Combine that with domestic social unrest and geopolitical tension, and you end up thinking it might not be a bad idea to hedge.
And then there’s valuations, which are high, to put it mildly. They’ll be stratospheric in the event earnings expectations fall further.
But does that matter? Well, it depends on one’s horizon.
“Bearish investors would (correctly) point out that future returns are highly influenced by starting valuations, with higher P/Es leading to weaker performance, as multiples de-rate toward long-term averages”, Credit Suisse’s Jonathan Golub wrote, in a note dated Thursday.
As you can see in the right pane, it matters little over the short-term, though. Golub has long made the case that companies with healthy cash flow will trade at higher and higher multiples in a low-volatility world, as growth stocks become synonymous with min. vol. and the duration trade.
But, in the same Thursday note, he strikes a somewhat cautious tone, which is understandable under the circumstances. “Previously-skeptical investors are increasingly becoming comfortable with higher multiples”, he said. “We remain unconvinced given the current backdrop”.
7 thoughts on “Is This Still A Bear Market?”
Of course it ‘s still a bear, until the major indices make convincing new highs.
Banks, Russell 2000, Industrials (the leaders) appear to be turning down now.
I can not watch what is happening in the real world and conclude that this is a good time to be in the market.
And I naturally lean “optimistic”.
Yes, but it’s fascinating to watch. We’ve thought that liquidity and cheap money, as opposed to fundamentals, were driving the markets for years. But it’s never to been so flagrant, and how does it unravel?
The problem I see is that even as this market shrugs off crisis after crisis the Ammunition required to fight these issues is NOT unlimited and the mechanisms in use are more and more radical.. We are creating a pattern of diminishing returns in what winds up being a zero sum game in the end and needs the backing of other countries that are not advantaged by our choices. Geopolitics rules inevitably !!
3 Crazy insane selloffs and rallies intraday on Friday, absolutely this is still a bear market. It’s a crapshoot everyday the market is open.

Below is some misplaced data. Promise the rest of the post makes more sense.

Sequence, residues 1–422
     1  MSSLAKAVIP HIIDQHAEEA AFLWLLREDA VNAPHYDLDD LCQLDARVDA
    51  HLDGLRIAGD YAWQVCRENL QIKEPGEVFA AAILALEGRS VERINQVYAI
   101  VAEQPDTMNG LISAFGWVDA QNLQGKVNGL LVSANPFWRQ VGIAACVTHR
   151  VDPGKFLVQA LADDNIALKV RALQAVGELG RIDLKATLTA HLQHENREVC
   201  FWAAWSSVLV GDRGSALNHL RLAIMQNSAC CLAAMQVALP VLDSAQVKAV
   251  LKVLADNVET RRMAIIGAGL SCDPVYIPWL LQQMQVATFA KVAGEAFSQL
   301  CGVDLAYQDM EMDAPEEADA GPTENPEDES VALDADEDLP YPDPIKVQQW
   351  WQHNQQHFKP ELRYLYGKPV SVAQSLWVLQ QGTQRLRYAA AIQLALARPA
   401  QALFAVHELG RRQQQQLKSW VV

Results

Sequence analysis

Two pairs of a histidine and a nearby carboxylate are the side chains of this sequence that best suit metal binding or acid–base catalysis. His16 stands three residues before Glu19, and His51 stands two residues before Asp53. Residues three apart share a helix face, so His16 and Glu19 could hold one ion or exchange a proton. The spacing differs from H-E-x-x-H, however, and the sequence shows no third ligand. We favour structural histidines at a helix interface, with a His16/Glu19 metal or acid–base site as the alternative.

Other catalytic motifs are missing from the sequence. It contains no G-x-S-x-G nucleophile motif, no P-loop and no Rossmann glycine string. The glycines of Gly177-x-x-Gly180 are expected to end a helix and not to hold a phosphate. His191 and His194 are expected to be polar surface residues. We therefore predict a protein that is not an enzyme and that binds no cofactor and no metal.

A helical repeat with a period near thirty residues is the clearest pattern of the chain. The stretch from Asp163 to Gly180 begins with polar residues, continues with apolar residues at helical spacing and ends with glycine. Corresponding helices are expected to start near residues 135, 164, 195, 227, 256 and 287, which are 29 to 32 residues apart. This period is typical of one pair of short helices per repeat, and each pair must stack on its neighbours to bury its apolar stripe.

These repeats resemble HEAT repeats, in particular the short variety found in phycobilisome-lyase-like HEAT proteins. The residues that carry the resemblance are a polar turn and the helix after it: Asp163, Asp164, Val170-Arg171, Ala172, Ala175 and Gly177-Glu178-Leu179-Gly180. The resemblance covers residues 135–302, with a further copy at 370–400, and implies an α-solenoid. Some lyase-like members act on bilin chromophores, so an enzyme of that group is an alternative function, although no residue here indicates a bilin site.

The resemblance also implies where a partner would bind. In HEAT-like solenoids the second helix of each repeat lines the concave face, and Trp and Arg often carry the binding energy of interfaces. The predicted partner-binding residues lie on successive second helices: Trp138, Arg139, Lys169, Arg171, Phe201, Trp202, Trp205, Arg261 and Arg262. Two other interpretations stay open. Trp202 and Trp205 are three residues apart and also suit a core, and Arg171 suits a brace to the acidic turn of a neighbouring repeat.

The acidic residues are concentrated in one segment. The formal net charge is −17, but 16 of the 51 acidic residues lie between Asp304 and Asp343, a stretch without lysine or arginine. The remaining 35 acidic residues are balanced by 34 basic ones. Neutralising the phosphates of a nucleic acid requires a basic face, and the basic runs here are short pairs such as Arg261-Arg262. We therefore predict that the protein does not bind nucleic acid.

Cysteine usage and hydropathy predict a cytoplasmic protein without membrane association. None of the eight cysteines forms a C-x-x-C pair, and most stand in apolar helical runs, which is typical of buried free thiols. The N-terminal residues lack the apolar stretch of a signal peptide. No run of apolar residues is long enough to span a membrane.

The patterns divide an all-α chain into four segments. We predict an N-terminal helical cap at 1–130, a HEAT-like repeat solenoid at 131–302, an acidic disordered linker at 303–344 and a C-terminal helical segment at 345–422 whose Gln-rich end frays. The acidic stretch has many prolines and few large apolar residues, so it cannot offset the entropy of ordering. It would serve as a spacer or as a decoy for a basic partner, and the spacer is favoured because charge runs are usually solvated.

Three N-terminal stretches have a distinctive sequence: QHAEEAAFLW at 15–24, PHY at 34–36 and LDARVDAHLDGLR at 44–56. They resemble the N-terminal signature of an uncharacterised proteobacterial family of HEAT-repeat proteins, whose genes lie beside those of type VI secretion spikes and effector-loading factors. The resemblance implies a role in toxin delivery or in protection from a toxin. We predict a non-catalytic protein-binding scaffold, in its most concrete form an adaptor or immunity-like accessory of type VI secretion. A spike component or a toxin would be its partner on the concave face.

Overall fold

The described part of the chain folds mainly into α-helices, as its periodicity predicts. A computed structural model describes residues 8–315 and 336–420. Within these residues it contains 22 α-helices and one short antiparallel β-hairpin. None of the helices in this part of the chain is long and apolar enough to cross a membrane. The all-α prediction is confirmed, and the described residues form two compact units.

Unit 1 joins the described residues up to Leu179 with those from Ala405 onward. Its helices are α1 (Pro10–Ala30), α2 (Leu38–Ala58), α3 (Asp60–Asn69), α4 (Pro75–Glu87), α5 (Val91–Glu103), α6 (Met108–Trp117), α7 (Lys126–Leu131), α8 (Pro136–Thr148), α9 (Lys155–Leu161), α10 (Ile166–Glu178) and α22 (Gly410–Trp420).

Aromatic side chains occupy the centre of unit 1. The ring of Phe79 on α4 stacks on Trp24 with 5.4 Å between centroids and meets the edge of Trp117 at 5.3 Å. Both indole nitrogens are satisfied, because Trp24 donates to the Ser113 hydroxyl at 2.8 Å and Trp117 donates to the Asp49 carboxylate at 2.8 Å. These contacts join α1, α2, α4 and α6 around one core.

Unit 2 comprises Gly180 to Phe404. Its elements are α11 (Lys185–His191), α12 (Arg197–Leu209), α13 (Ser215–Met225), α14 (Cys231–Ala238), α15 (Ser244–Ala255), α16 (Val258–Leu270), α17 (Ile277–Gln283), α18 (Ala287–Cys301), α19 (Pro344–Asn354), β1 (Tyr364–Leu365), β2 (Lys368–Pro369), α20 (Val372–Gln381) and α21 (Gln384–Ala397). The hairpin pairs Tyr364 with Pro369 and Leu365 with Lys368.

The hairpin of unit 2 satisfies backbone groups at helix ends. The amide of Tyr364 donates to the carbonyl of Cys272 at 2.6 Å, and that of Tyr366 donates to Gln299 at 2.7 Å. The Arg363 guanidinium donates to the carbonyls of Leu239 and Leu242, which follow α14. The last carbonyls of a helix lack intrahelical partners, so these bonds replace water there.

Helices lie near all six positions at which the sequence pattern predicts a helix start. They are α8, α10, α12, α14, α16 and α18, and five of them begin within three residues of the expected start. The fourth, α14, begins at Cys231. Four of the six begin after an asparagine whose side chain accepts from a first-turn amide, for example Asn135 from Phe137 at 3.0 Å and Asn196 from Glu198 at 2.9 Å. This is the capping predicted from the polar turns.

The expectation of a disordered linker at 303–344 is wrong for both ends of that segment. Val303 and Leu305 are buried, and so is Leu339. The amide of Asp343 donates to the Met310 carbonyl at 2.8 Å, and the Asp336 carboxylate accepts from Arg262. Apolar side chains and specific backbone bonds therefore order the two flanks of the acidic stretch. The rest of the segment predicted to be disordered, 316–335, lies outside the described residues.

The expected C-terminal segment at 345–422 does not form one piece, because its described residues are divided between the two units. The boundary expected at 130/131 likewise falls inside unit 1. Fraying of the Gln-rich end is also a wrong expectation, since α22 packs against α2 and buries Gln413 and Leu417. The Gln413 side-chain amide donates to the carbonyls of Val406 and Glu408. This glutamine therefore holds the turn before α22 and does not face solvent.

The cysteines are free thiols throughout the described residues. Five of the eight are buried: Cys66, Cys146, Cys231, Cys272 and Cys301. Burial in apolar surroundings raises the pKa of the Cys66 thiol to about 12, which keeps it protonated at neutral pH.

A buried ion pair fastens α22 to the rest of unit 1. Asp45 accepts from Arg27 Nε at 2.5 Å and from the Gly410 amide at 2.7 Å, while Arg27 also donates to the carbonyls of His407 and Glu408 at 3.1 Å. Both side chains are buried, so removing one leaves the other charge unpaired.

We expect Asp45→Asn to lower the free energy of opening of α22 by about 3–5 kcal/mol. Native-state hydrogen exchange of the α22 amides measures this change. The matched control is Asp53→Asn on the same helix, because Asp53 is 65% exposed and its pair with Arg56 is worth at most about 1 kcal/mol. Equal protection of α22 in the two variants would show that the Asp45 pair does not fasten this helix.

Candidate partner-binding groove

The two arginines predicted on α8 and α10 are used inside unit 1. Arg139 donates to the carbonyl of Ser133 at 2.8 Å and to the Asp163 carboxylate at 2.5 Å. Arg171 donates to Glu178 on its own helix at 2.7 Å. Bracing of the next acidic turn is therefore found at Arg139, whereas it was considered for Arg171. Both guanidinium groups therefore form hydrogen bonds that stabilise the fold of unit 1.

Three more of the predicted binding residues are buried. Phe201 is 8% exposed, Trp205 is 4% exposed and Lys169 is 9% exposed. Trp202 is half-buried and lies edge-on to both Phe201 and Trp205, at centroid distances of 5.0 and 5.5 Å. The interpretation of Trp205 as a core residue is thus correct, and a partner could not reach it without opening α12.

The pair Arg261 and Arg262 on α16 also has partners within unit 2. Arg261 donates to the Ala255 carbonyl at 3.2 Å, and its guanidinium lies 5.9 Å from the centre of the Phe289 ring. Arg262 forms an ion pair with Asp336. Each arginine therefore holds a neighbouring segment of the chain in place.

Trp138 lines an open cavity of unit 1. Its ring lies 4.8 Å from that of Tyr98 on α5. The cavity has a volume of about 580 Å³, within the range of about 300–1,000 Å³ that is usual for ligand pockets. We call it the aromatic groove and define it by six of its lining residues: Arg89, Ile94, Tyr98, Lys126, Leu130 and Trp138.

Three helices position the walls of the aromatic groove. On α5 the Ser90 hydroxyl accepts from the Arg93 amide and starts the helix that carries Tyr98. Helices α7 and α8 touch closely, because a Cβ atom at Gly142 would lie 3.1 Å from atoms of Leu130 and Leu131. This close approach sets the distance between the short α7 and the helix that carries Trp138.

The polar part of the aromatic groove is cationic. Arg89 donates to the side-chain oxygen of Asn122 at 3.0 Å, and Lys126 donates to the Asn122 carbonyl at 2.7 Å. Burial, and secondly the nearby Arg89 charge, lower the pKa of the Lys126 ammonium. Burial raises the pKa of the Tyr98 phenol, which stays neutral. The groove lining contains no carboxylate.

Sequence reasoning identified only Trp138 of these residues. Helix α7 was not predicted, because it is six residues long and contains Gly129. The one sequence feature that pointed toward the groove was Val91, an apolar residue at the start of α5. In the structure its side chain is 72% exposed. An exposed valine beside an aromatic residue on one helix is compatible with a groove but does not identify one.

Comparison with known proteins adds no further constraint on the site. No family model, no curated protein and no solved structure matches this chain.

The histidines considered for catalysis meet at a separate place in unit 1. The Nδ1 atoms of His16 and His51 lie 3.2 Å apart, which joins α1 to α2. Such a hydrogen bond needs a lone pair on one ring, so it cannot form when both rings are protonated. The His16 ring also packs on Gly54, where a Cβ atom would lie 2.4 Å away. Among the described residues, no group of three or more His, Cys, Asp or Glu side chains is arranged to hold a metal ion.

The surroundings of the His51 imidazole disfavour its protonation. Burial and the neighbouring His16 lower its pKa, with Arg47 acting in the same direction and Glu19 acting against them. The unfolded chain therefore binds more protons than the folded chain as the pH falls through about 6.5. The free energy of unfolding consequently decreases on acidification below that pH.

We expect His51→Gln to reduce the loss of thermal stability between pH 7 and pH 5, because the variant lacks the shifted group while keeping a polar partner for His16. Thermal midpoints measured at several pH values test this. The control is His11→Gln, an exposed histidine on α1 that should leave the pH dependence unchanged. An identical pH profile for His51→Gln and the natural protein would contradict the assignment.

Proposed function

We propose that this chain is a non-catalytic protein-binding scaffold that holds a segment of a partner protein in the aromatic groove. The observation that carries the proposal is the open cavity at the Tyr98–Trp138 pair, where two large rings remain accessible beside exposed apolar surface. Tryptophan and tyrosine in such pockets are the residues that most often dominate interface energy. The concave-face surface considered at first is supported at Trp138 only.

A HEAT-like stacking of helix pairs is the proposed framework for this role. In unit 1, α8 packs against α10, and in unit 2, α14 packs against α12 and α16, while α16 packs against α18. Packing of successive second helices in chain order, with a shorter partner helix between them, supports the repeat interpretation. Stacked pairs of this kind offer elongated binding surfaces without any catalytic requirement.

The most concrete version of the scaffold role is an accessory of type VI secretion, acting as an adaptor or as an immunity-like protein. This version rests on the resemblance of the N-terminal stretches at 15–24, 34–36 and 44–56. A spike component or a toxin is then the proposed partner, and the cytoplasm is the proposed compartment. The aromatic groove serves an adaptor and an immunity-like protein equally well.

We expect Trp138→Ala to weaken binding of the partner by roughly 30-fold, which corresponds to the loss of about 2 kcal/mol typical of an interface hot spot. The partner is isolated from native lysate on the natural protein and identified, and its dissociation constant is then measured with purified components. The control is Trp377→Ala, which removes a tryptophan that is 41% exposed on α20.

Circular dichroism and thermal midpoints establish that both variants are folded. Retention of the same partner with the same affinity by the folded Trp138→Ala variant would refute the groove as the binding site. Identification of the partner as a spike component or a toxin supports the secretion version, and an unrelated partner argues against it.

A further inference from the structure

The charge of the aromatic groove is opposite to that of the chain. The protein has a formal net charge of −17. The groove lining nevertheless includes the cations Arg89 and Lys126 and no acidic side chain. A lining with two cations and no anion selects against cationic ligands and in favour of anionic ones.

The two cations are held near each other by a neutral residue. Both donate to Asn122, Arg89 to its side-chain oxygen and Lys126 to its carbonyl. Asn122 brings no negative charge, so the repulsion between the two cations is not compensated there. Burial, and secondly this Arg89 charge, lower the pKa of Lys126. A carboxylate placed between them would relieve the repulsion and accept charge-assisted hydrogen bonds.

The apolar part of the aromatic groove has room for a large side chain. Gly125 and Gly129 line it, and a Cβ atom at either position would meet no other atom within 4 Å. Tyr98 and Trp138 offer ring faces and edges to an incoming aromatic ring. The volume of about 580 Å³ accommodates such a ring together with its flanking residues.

The thing is, hedges like SPY puts seem expensive.
But I guess I should buy a few.
What are people’s allocations here?
I’m 8% cash and 13% bond and titled towards lots of tech names.
But really, I have more faith in equities than bonds to perform their traditional duties right now.
Cash will be king this fall?
During the dark days of March 2020 when the S&P briefly kissed 2200, I started what I considered at the time 1/3 position in many companies I though were a good long term investment, I figured I could probably add another 1/3 after the bear market rally and re-test of the lows and may be the last 1/3 if we went lower. I find it difficult to qualify the bounce back as a bear market rally any more and I took profits on all positions, long term view be damned. The amount of liquidity is indeed winning and more importantly, clouding the use of technicals and fundamentals as trading and investing tools. That said, given positioning it would appear most of the cash moving around is the result of systematic and low vol strategies re-leveraging, fickle as they are I would not be surprised if June options expiry finds those strategies taking another break “a la” February if the popular ES and SPY spot are not rolled. I for once would welcome the return of some negative gamma, it can be nerve racking and stomach churning but at least it feels more real than the version of managed prozac markets the Fed’s liquidity has gifted us.